Cells turn biologically older in people who are severely depressed or who have been in the past, according to a report released on Tuesday in the journal Molecular Psychiatry.
Josine Verhoeven from the VU University Medical Centre in the Netherlands, along with colleagues from the US, recruited 2,407 people to take part in the study.
More than one third of the volunteers were currently depressed, a third had experienced major depression in the past and the rest had never been depressed.
The volunteers were asked to give a blood sample for the researchers to ana-lyse in the lab for signs of cellular ageing.
The researchers were looking for changes in structures deep inside cells called telomeres. As cells divide, the telomeres get shorter and shorter. Measuring their length is a way of assessing cellular aging.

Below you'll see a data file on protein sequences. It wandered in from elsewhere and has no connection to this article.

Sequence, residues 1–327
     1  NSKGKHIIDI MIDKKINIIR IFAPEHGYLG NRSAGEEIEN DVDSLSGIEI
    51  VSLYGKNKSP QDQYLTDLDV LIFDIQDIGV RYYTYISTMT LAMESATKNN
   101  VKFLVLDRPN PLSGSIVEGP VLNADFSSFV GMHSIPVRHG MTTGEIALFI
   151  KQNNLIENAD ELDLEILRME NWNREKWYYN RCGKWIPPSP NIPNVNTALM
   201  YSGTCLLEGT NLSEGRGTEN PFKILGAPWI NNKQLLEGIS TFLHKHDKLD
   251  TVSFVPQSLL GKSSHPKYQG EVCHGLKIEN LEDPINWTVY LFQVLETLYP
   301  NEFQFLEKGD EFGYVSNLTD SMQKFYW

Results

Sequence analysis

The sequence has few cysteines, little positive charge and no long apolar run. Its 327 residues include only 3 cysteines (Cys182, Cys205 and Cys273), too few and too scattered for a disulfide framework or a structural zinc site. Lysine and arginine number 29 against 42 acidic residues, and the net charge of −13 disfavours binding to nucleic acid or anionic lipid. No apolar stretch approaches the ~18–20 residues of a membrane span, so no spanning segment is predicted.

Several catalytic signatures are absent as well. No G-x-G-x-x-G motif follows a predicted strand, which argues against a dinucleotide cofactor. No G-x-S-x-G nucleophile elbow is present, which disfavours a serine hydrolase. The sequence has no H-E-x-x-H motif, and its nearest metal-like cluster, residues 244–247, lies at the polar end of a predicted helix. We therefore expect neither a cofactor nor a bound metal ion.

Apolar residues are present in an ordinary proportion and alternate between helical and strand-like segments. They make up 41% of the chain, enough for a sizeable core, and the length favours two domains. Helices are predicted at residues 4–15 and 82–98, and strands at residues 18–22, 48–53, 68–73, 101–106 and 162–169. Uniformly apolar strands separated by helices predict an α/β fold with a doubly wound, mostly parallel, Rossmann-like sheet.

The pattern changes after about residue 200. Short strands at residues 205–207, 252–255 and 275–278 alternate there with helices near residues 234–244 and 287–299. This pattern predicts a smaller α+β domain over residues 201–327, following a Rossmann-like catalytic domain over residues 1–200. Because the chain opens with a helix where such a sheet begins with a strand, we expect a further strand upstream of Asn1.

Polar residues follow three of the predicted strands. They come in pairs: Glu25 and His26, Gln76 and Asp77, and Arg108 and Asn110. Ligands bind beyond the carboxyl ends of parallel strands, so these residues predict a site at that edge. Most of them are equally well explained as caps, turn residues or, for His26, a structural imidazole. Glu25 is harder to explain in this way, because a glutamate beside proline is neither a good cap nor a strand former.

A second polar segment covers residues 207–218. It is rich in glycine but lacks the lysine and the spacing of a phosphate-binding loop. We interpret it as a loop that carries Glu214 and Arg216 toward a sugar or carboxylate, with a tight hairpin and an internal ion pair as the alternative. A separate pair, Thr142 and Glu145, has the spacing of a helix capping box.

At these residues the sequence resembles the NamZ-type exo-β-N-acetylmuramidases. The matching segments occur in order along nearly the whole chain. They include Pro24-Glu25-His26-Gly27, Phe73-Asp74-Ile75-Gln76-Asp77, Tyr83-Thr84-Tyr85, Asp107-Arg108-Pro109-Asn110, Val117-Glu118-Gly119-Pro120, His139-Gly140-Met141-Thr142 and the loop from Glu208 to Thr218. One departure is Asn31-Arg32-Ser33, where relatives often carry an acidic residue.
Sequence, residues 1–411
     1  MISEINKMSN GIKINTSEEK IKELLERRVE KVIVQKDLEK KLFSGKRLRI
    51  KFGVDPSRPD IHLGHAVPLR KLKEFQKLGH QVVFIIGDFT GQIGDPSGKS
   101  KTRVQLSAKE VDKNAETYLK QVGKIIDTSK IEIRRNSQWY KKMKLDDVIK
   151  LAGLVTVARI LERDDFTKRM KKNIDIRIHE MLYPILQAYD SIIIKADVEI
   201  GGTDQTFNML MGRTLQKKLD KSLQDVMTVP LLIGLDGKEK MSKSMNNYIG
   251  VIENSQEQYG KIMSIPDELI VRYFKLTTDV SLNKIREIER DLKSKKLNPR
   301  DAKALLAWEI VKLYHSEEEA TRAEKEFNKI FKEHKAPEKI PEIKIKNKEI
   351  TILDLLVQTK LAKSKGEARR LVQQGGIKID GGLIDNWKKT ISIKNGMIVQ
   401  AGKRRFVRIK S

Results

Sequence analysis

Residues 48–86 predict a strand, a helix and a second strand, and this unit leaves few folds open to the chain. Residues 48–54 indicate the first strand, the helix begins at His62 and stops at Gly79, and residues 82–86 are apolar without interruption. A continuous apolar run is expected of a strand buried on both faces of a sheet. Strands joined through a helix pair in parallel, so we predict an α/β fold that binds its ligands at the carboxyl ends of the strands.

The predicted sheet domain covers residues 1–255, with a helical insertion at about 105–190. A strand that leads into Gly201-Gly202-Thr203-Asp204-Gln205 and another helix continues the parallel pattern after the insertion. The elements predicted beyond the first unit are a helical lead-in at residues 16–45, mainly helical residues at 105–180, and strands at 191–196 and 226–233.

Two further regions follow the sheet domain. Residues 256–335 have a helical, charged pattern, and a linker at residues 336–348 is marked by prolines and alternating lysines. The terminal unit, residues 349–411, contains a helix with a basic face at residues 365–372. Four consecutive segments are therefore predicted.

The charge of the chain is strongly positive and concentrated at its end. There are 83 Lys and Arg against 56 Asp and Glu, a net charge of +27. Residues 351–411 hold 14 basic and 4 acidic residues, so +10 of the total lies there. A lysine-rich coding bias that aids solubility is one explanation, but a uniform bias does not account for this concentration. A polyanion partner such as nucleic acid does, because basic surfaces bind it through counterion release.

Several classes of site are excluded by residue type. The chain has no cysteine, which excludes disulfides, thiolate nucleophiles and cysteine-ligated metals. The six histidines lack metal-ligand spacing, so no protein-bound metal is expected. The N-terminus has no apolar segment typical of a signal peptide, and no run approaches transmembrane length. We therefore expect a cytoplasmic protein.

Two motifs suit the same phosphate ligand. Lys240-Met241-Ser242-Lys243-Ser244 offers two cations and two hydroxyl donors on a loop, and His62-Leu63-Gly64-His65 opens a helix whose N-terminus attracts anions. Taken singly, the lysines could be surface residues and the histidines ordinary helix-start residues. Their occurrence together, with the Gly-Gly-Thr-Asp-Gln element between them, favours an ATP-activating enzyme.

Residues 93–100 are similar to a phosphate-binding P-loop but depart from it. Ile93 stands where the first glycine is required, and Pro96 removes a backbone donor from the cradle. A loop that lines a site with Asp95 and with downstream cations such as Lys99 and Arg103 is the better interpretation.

People who were or had been depressed had much shorter telomeres than those who had never experienced depression.
Furthermore, the most severely and chronically depressed patients had the shortest telomeres.
"This large-scale study provides convincing evidence that depression is associated with several years of biological ageing, especially among those with the most severe and chronic symptoms," said Verhoeven and his colleagues.